Why? Because we do not trust. We do not love. We do not adore.

But it's fun to flip around and over things, isn't it? It's fun to run at obstacles and overcome them...unless they do not give. It is easy to take shots at targets...unless they send our own ammunition back in our direction.

Discernment is humiliating. It shows us who we really are, in complete, stark relief. Nothing is hidden. Everything is brought bubbling to the surface. Every single vice. Virtues are hidden if they were ever there at all.

Discernment is nothing but spiritual gymnastics, as we rise to meet obstacles, to crash in defeat, and rise again to meet a new challenge. We don't know what we must do, what we are called to do, or what feat we must accomplish to rise to any occasion.

All we know is that we have been called to a purpose, and anyone who takes the time to find that purpose must enter into this swamp, blindly, trusting in God alone, and we don't have the option to cut our "training" short for if we don't meet our own calling...other souls hang in the balance.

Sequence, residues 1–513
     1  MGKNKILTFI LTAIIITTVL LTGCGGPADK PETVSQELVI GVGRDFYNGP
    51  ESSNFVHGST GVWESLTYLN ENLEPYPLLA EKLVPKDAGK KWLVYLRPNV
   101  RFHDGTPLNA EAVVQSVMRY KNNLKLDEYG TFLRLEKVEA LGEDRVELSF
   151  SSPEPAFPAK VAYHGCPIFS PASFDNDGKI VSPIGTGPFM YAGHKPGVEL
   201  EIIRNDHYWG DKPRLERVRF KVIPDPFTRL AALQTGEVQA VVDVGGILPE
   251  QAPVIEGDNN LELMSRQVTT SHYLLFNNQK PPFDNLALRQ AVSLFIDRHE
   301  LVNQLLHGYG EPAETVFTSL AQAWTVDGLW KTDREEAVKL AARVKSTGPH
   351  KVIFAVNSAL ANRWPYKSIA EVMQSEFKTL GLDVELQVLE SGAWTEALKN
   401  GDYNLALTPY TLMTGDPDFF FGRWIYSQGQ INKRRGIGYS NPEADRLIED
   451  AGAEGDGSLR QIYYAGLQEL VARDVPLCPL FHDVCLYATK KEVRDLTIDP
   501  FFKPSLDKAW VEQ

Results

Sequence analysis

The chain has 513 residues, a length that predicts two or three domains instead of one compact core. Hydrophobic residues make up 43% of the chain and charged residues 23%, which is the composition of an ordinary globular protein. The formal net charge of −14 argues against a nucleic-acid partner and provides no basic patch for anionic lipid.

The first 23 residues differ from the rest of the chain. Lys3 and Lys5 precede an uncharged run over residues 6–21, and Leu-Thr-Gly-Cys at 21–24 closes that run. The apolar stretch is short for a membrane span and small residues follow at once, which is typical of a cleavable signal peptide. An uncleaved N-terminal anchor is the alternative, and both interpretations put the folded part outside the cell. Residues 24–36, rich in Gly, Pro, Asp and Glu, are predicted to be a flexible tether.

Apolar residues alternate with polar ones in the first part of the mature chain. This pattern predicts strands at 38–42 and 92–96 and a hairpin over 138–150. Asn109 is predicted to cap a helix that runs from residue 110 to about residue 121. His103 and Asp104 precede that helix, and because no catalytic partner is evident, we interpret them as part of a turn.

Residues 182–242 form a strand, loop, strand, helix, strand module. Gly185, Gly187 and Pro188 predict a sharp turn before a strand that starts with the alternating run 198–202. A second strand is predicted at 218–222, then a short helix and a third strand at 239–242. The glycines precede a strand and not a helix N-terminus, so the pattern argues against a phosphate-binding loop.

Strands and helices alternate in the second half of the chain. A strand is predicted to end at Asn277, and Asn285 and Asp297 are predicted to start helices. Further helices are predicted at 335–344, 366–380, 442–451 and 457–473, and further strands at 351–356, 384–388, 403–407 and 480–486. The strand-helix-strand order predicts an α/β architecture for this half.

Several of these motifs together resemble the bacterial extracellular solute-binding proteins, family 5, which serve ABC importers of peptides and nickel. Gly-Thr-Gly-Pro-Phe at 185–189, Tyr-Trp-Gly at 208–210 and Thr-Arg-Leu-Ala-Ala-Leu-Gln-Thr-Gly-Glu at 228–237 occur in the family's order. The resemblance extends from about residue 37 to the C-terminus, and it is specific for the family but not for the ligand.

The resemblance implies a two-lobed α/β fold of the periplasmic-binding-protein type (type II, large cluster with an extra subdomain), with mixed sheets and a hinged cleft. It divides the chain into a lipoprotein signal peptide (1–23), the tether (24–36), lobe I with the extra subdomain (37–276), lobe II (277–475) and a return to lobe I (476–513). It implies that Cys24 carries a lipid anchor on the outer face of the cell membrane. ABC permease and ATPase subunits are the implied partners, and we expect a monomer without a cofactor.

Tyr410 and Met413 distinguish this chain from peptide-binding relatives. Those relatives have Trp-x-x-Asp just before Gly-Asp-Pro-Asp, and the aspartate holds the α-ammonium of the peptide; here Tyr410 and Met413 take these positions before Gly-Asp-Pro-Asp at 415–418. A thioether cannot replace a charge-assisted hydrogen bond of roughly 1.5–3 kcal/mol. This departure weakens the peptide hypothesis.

God does nothing by accident. But will we, in failing to discern...cause a fatality?


YouKnowWho said...

If there is a fatality ... there is resurrection!
A+ post!

Cathy_of_Alex said...

For someone who is illin', this is a great post! You forgot to mention Luke is extremley cute in the swamp. Ok, ok. Anyway, Yoda should be President and win the Nobel Peace Prize.

One of his best observations to Luke is: "All your life you have looked away, to the future. Never your mind on where you were or what you were doing" I can ponder this as I struggle with destractions during Mass and prayer.